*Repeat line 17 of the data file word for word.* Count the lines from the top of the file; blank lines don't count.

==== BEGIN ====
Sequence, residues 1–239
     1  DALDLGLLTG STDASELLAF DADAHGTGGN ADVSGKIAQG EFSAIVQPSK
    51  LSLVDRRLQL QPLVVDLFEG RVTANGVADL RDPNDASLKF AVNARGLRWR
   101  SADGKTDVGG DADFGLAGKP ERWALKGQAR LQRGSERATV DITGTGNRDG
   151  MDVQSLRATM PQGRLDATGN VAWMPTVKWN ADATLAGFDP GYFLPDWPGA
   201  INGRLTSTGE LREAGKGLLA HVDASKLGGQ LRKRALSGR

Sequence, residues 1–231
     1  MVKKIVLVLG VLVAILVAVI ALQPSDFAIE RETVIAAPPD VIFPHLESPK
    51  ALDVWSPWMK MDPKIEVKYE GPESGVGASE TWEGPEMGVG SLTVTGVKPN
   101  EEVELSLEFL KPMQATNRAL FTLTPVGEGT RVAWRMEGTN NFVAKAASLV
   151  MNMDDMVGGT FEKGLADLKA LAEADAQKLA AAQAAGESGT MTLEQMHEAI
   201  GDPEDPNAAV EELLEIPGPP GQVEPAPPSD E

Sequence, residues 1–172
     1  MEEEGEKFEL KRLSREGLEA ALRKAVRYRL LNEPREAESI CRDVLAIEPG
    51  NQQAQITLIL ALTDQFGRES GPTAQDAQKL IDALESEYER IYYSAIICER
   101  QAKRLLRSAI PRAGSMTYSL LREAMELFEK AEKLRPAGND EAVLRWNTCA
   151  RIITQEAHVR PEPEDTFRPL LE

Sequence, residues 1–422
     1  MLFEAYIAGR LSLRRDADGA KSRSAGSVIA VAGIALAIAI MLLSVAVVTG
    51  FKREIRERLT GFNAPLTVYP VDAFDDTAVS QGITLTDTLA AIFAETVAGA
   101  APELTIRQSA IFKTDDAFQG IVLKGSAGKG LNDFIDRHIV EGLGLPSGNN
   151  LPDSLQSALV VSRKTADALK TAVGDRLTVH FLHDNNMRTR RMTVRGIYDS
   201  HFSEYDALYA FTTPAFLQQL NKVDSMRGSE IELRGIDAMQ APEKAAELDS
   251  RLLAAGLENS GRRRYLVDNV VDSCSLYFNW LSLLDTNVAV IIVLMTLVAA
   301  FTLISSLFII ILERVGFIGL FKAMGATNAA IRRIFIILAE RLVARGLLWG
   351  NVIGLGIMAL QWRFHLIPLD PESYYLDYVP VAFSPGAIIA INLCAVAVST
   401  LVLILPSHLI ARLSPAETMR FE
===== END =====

   151  RIITQEAHVR PEPEDTFRPL LE